Not even the team that made NBA history could dig themselves out of a hole like this one.
It wasn’t until the second half that the Nuggets woke up from their Christmas Day slumber, and by that point, it was far too late. Despite an encouraging fourth-quarter burst, led by previously dormant Jamal Murray, the Clippers exacted some small measure of revenge with Friday night’s 121-108 win. It won’t erase the sting from Denver’s historic 3-1 comeback in the Western Conference semifinals, but it was something. The Nuggets fell to 0-2 on the early season.
Down by 19 entering the fourth quarter, the Nuggets mounted several runs threatening to cut the margin to single digits. Each time, the Clippers responded with a deflating 3-pointer. Los Angeles connected on 19-of-38 3-pointers, all but destroying Denver’s comeback hopes.
Murray poured in 19 of his 23 points in the second half following six mediocre quarters to start the season. On several of the 3-pointers, it was as if the confidence attained in the “Bubble” never left.
Nikola Jokic had 24 points, 10 assists and nine rebounds, falling just one board shy of his second consecutive triple-double.
Kawhi Leonard finished with 21 points and seven assists, though his night ended early after taking a scary elbow to the face from teammate Serge Ibaka. Leonard laid on the ground, bloodied, for several minutes before being helped off.
His teammate, Paul George, finished with 23 points including five 3-pointers.
It took until the third quarter Friday, but Murray finally played with the dogged determination he became known for in the “Bubble.” There were impassioned defensive stops and a few of his patented hard-fought buckets. Still, the Clippers’ lead hovered near 20 most of the quarter. If it wasn’t George hitting a difficult jumper then it was vets Lou Williams or Nic Batum maintaining a healthy buffer on the offensive end. The Nuggets ended the quarter with enough energy to suggest there was still some fight, even down 98-79.
Malone challenged his team following Wednesday’s heartbreak loss to Sacramento.
“We’re 0-1, we’re playing on our homecourt, and I challenged our guys yesterday, one of our small-sided goals should be never to lose two games in a row,” Malone said. “We should be really down, disappointed, frustrated and energized because we lost to Sacramento the other night, regardless of who we play.”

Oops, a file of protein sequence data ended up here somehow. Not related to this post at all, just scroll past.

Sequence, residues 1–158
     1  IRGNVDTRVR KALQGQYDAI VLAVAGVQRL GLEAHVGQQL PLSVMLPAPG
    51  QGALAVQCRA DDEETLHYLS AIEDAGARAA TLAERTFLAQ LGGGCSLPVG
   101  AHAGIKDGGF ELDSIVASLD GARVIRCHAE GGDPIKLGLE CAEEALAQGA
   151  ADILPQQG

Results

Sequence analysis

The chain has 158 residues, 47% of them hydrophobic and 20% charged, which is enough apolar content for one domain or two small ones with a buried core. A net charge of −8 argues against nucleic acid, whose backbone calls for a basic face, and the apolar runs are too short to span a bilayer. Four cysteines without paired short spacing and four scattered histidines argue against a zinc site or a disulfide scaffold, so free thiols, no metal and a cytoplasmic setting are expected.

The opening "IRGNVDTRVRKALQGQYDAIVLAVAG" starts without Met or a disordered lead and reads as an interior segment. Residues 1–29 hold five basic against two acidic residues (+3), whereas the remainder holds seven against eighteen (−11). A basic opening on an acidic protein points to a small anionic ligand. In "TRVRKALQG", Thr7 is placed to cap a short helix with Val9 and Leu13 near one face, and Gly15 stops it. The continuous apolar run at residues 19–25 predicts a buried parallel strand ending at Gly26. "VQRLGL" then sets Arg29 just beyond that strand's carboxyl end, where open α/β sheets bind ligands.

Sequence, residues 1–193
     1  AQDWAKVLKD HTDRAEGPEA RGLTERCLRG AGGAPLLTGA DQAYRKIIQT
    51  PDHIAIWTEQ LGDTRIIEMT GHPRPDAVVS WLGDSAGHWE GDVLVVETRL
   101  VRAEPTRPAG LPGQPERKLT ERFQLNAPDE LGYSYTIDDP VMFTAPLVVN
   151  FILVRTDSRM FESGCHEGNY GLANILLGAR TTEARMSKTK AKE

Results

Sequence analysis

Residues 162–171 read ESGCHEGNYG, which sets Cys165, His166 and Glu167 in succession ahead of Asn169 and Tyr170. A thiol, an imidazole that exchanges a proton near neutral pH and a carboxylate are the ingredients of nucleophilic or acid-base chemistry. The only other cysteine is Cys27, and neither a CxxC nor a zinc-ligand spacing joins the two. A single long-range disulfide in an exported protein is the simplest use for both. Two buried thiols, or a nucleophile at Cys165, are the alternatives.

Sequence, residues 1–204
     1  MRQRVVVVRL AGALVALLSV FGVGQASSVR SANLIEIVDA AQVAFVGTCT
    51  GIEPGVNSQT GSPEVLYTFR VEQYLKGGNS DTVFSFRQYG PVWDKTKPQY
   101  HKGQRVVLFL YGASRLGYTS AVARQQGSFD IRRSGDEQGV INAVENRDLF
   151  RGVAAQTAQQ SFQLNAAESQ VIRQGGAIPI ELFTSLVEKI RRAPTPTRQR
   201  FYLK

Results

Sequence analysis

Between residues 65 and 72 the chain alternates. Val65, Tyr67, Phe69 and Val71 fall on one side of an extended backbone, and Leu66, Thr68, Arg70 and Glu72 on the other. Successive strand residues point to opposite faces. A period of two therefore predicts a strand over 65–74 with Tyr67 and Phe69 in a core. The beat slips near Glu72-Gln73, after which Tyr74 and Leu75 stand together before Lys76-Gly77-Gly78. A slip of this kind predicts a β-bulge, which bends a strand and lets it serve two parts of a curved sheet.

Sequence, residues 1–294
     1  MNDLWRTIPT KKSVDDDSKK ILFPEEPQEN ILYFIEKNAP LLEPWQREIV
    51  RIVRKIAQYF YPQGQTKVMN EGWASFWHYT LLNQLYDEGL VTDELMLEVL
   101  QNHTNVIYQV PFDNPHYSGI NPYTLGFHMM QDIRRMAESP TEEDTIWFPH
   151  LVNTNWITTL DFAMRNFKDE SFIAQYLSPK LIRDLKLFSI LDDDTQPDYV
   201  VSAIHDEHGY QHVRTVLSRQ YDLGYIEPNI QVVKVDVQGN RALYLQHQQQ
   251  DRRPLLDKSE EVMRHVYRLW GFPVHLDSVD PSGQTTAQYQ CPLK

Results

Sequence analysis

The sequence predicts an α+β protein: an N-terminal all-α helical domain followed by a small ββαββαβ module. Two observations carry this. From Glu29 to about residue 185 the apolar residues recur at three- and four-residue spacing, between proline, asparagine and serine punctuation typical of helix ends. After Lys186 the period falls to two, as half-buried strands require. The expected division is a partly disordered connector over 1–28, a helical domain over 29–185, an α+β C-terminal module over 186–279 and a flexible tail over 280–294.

Irrespective of last season’s postseason drama, Malone wasn’t interested in narratives after the glaring holes he saw against the Kings.
“To me, this is more about us,” he said. “It always can’t be about who we’re playing, what’s the story. I think great teams find a way to bring it every single night regardless of the opponent.”
He wanted more connected transition defense, better on-ball containment and more effort on the glass.
“Get back, guard one-on-one, shot goes up, hit somebody and rebound the damn the ball,” he said before the game.
It might’ve helped had the Nuggets had injured forward JaMychal Green, who’s missed the last two games with a calf injury. Part of the reason the Nuggets coveted Green was for his toughness and physicality.
“The fact that he decided to join us was a sign of respect, and he wanted to be a part of the team he saw in the Western Conference semifinals,” Malone noted.
His challenge fell flat amid an underwhelming first half Friday night. The Clippers, on the basis of a blistering 12 for 23 from the 3-point line, held a 72-55 lead heading into halftime. They also held a 25-11 edge on the glass.
Leonard and George combined for 25 points, while nine different Clippers sunk at least one 3-pointer over the first two quarters.
Offensively, Jokic was, again, the primary focal point. His 16-point, six-assist half paced the Nuggets and kept them within a respectable margin. Backup guard Monte Morris salvaged some minutes for Denver’s second unit with 11 points in 14 minutes.
Murray got himself in foul trouble and failed to find any rhythm early.